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Mike Mozart via Flickr (CC BY 2.0)

We're in the cold heart of winter right now, and many of us are yearning for signs of a coming spring. One good idea would be to sneak a few warm weather treats into our winter diet. Chef Jerry Pellegrino has been enjoying one such treat—artichokes.

During the summer months, you can find locally grown artichokes which are quite good. But during the winter we turn to warmer climates like California.

Many people are perplexed by the artichoke, which looks like a ball of spiky leaves surrounding a fuzzy core that looks like thistle down. It's perfectly fine to peel off the most gnarly of the outer leaves, but the more tender inner ones hold the goodness. One simply breaks off a cooked artichoke leaf, dips it in butter or a sauce, and the scrapes of the fleshy bottom part with your teeth. The flavor is mild but exotic, and it does evoke bright sunshine and balmy temperatures.

Artichokes are most often braised in a liquid of boiling water and seasonings.


They can be cooked plain, or stuffed. And this recipe from Jerry is for the latter.


Stuffed Artichokes

(adapted from simplyrecipes.com)


2 large globe artichokes

4 slices lemon

1 teaspoon lemon zest

3 cups breadcrumbs

1/2 cup grated Parmesan cheese

1/2 cup chopped parsley

6 cloves garlic, minced

1 teaspoon fresh oregano, minced

1/2 cup plus 2 tablespoons extra virgin olive oil

1/8 teaspoon black pepper


1 bay leaf

2 slices lemon

2 cloves garlic, halved

  • Make the stuffing: In a large bowl, stir together the breadcrumbs, lemon zest, Parmesan cheese, minced garlic, chopped parsley, minced oregano, 1/2 cup olive oil, and black pepper. Set aside.
  • Prep the artichokes: Cut off the stem, leaving 1/2 inch from the bottom row of leaves. Using kitchen scissors, cut off 1/2-inch of the tips of all of the artichoke leaves.
  • Cut 1 inch from the top of the artichoke. (It helps to use a serrated knife like a bread knife for this.)
  • Take a slice of lemon and rub over the cut edges of the artichokes to keep them from turning brown.
  • Preheat oven to 375°F (190°C).
  • Stuff the artichokes: Use your finger to gently pull open the center leaves of the artichokes. Pull out the inner tender yellow artichoke leaves. Use a small metal spoon to scrape and scoop out all of the inner fuzzy choke.
  • Note that removing the choke at this stage isn't entirely necessarily, and it does require some elbow grease. That said, it makes eating the stuffed artichoke a much easier, and more enjoyable experience.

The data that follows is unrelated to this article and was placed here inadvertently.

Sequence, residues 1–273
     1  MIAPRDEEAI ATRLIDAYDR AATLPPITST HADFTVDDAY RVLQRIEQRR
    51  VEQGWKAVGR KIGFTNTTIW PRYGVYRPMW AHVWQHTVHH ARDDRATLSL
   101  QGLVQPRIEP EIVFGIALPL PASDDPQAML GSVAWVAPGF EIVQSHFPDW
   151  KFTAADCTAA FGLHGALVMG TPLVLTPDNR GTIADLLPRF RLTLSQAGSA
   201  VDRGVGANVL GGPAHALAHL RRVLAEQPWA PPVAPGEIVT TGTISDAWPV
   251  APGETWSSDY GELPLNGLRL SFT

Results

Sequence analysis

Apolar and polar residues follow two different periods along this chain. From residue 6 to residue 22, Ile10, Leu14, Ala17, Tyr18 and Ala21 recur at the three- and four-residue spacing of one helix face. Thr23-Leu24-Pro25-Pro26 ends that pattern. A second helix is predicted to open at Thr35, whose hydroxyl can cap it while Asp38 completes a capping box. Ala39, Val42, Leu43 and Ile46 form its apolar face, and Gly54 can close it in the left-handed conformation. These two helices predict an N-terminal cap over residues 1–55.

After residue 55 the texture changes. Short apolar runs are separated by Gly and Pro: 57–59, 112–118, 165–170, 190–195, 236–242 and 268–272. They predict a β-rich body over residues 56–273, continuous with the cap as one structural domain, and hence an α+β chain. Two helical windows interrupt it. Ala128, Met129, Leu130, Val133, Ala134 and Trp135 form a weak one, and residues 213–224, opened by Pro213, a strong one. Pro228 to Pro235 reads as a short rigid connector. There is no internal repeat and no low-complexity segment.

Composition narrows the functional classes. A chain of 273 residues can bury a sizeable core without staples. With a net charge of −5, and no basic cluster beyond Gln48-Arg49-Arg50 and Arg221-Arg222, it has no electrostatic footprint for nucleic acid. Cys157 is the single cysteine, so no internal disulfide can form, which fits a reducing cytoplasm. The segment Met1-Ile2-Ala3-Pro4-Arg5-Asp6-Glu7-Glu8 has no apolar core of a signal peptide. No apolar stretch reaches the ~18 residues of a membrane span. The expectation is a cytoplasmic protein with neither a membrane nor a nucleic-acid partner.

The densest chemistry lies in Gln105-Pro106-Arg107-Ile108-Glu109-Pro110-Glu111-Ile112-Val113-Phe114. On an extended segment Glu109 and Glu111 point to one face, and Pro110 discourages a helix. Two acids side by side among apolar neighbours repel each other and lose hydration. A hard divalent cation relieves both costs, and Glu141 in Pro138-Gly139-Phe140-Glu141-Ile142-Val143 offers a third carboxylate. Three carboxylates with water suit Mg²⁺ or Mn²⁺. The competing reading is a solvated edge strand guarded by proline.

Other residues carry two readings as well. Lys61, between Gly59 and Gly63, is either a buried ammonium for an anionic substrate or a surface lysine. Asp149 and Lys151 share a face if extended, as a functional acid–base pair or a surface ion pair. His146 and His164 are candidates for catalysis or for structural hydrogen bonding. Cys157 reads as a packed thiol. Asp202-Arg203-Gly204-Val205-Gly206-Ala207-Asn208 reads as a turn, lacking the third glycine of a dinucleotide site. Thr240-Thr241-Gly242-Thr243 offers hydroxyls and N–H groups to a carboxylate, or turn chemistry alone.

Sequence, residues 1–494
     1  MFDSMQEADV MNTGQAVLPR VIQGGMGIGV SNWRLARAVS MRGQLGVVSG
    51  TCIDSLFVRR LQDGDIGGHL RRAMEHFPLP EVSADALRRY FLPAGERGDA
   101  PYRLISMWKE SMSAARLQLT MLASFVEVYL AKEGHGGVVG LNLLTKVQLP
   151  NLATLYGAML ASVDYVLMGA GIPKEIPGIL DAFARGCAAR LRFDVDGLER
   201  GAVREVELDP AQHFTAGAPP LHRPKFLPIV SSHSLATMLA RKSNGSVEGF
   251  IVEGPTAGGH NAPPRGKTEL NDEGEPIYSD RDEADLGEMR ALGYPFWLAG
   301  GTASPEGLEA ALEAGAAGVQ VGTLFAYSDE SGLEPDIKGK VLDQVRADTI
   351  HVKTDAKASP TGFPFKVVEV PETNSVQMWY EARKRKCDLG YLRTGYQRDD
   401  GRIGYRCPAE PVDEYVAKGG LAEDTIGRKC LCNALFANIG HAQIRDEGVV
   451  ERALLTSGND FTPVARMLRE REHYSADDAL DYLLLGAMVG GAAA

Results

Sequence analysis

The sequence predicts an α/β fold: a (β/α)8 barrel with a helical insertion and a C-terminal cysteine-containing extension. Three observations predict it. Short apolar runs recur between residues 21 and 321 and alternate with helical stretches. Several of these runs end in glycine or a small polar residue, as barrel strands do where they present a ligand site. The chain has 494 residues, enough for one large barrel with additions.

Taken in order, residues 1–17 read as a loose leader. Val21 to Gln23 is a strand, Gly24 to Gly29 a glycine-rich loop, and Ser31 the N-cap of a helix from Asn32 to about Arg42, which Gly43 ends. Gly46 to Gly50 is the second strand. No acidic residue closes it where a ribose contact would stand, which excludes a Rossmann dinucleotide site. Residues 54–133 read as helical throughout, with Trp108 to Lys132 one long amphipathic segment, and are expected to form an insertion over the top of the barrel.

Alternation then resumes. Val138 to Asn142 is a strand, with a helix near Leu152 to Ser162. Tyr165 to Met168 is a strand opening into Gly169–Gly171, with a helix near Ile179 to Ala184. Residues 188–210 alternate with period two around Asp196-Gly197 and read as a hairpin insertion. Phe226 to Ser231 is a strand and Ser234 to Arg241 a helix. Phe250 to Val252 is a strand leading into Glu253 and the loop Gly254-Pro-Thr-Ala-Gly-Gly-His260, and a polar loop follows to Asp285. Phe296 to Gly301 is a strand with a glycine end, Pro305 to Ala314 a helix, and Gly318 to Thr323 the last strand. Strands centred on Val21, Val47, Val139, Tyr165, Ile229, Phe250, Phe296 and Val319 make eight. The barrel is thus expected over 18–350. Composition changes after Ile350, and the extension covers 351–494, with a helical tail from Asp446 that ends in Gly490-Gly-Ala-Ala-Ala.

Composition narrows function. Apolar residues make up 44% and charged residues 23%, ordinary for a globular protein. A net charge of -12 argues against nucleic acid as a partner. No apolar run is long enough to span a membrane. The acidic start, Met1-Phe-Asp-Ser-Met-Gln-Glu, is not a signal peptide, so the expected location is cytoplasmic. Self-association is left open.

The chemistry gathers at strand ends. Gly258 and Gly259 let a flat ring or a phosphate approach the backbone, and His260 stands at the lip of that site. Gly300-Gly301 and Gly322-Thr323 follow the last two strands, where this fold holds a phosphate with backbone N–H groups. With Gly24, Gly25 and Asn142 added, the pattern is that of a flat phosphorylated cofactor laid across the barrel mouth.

• Place artichokes on a sheet pan (to catch the breadcrumbs) and start stuffing the artichoke with your stuffing mix. Put some stuffing mix between each large leaf and the artichoke, as well as a generous amount in the center.
  • Bake the artichokes: Put about 1-inch of boiling water in the bottom of a Dutch oven that will snugly hold the artichokes. Add 2 slices of lemon, a bay leaf, 2 cloves garlic to the water.
  • Place the artichokes sitting upright in the water. Drizzle with remaining 2 Tbsp olive oil.
  • Cover the pot tightly with a lid. (Remember to cover the dish or this method will not work!)
  • Bake for 1 hour at 375°F (190°C), or until a knife easily penetrates the heart of the artichoke or you can easily remove one of the outer petals. (Depending on the size of the artichoke baking time can vary from 50 minutes to 1 hour 30 minutes or longer.)
  • Remove the cover and broil for a minute or so, enough to get some browning on the top of the stuffing.
  • Remove artichokes to a serving dish to serve.


Al Spoler, well known to WYPR listeners as the wine-loving co-host of "Cellar Notes" has had a long-standing parallel interest in cooking as well. Al has said, the moment he started getting serious about Sunday night dinners was the same moment he started getting serious about wine. Over the years, he has benefited greatly from being a member of the Cork and Fork Society of Baltimore, a gentlemen's dining club that serves black tie meals cooked by the members themselves who are some of Baltimore's most accomplished amateur cooks.
Executive Chef Jerry Pellegrino of Corks restaurant is fascinated by food and wine, and the way they work in harmony on the palate. His understanding of the two goes all the way to the molecular level, drawing on his advanced education in molecular biology. His cuisine is simple and surprising, pairing unexpected ingredients together to work with Corks' extensive wine offerings.